Steve Jobs Changed the World; Adoption Changed His.

 In Abortion, Adoption, news

By Ryan Bomberger, The Radiance Foundation

The news hit me in the gut. I couldn’t believe I was seeing those few numbers, communicating his passing, beneath his photo: 1955-2011. Steve Jobs has, literally, changed the world. I’m typing this on my Mac, will check my emails and Twitter status on my iPad, and will stay in touch with everyone I love through my iPhone.

As a creative professional, his visionary work has helped my own visions become reality.

But his vision, his destiny and his ability to affect people, globally, may never have happened.  Jobs was adopted as a baby and loved by his parents, Clara and Paul Jobs. The baby they took into their hearts and home had a purpose in life that would be unleashed by the powerful act of adoption.

He began today’s revolutionary Apple company and has departed this world with a professional legacy that is awe-inspiring. The partially bitten apple represents the temptation that millions of us have been unable to avoid…waiting in day long lines for shiny objects that proved to us science fiction could be made reality by a creative genius. Jobs’ minimalistic approach delivered a multitude of near-perfect electronic devices.  From amber screens to full-color high definition, visually we’ve been changed by the adoption of Apple’s technology.

In his biography, Steve Jobs, visited his birth mom and felt grateful for the opportunity to be adopted and loved. “I wanted to meet my biological mother mostly to see if she was okay and to thank her because I’m glad I didn’t end up as an abortion,” Jobs shares poignantly. Well, the world is glad, too.

It’s amazing to me how foreign a concept adoption is to many Christians. Adoption is the essence of salvation. There is no Christianity without adoption, in the spiritual sense. Yet, in the physical sense, it is rarely considered as an option. For those who are so passionately prolife, it is often the challenge thrown before us in our opposition to abortion, and rightfully so.  We have an opportunity to unleash purpose in a child waiting to be loved. I was one of those children back in 1971. Steve Jobs was back in 1955. The beauty of possibility is that we all can play a role in helping to foster and encourage it.  Who knows what my children, both adopted and biological, will become? All I know is that loving them, unconditionally, will allow their God-given purpose to flourish.

The nation’s largest abortion chain, aborting 340 children for every 1 woman that is referred for adoption, is the antithesis to this purpose. Planned Parenthood celebrates their founder who believed that “we are paying for and even submitting to the dictates of an ever increasing, unceasingly spawning class of human beings who never should have been born at all.” Contrary to Margaret Sanger’s warped mentality that children are “marked when they’re born” as “diseased, delinquents, and felons”, none of us know the beautiful potential that every life possesses.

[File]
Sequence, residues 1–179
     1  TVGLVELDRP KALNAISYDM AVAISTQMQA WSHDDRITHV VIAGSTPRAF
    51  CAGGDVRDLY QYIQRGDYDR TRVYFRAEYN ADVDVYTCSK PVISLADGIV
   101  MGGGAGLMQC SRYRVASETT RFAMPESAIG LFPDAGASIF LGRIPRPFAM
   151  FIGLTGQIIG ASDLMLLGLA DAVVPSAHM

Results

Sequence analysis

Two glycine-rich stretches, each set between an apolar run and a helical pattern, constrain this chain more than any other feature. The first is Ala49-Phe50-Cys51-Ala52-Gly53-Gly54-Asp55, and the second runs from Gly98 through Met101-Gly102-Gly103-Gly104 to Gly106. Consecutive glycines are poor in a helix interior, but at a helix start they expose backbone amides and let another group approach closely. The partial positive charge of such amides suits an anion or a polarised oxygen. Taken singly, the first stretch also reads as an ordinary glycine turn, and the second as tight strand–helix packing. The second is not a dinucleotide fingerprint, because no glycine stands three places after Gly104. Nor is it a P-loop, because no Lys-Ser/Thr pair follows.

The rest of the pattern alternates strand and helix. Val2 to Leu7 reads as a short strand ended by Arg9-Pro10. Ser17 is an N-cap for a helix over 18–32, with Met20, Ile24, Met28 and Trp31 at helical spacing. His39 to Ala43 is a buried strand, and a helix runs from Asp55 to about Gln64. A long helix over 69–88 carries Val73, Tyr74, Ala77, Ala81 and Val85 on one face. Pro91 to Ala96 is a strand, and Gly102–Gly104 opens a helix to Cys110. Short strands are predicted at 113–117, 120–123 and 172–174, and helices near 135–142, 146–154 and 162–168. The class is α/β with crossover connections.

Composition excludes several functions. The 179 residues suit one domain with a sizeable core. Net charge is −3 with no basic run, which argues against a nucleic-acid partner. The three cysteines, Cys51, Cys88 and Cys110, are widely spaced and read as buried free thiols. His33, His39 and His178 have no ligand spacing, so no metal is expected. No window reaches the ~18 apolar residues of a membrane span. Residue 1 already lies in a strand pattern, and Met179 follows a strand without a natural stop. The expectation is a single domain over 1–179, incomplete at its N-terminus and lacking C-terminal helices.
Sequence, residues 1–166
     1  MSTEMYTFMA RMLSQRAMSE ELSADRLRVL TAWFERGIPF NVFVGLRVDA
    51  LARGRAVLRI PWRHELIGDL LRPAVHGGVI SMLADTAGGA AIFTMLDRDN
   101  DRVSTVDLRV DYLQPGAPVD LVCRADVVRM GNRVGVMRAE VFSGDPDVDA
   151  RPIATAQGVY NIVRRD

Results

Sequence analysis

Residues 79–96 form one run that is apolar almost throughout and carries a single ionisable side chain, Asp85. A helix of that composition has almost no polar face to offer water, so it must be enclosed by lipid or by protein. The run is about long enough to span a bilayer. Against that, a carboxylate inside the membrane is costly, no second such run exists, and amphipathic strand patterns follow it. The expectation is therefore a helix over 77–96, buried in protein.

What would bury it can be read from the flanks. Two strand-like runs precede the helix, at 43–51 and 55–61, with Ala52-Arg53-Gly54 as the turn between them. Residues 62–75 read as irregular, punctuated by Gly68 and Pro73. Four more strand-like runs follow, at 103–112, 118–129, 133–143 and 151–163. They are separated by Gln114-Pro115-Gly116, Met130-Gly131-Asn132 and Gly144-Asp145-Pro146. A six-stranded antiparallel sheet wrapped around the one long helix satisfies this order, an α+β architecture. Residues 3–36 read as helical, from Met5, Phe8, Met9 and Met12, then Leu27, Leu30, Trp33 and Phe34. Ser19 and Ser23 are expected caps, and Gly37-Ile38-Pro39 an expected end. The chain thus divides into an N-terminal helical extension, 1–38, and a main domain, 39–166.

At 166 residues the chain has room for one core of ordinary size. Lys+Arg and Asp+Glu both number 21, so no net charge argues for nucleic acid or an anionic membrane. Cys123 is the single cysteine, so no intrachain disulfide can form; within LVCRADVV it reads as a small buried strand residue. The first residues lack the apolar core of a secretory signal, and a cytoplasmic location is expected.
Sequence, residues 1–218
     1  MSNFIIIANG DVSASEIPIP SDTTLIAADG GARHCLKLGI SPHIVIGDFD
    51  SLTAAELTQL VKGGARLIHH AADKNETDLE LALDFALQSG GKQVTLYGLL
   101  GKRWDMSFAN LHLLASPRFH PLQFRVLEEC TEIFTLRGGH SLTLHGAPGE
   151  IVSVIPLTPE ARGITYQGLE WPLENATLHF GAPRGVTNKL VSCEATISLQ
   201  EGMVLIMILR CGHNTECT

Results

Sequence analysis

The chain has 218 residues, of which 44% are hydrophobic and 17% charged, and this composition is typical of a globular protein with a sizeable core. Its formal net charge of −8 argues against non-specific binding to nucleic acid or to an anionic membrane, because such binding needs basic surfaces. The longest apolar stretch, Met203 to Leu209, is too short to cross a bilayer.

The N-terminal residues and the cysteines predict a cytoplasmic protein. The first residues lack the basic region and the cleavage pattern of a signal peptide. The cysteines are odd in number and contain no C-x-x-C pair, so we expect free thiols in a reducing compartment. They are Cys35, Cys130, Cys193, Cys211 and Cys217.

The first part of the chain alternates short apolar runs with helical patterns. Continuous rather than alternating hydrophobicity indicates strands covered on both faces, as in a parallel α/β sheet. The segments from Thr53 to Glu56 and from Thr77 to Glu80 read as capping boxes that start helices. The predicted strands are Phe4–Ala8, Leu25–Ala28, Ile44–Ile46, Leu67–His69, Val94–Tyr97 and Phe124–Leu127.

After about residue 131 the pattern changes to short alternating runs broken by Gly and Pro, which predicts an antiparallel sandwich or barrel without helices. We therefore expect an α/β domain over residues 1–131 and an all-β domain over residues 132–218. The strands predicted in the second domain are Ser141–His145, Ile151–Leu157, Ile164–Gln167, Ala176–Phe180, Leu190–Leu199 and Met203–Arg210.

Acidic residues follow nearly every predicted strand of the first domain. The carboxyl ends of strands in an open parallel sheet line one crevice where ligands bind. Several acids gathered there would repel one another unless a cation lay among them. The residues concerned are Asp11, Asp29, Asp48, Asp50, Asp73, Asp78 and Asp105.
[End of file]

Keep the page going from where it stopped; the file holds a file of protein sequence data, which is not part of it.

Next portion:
We celebrate human triumph over the seemingly insurmountable.

There are so many well-known adopted individuals that have impacted many of our lives in one way or another: Charles Dickens, George Washington Carver, Nat King Cole, Babe Ruth, Dave Thomas (Wendy’s), Bo Diddley (musician/performer), Dan O’Brien (Olympic Decathlon Gold Medalist) and Faith Hill, just to name a few. Steve Jobs is among this list of beautiful possibility. But these individuals don’t have worth because of their perceived “success”. Every human life has equal and irrevocable worth simply because he or she exists. Jobs’ life proves that adoption is a loving act that transforms, not only the life of the child, but the entire family. Sometimes, it even changes the world.

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  • I am also an adoptee and a Christian. I met my birthmother for the first time two months ago and she too is a born again believer. I hope to minister to adoptees because there is a lot of attention (yet still not enough) to the choice to surrender a child for adoption, but I rarely hear any support offered to adoptees who are struggling with their identity. I had been told finding out my family of origin shouldn’t matter because I am adopted into the Family of God (usually by non-adoptees) and I should be satisfied with that. Although I recognize that is the ultimate form of adoption offered to all, I think it’s important to recognize and minister to those who grieve over the missing link to their past. Thanks for your article! I didn’t know Steve Jobs was an adoptee!

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  • Brenda Holt

    He will be missed! I know many Christian families that are foster parents and adoptive parents! Blessed children and parents!

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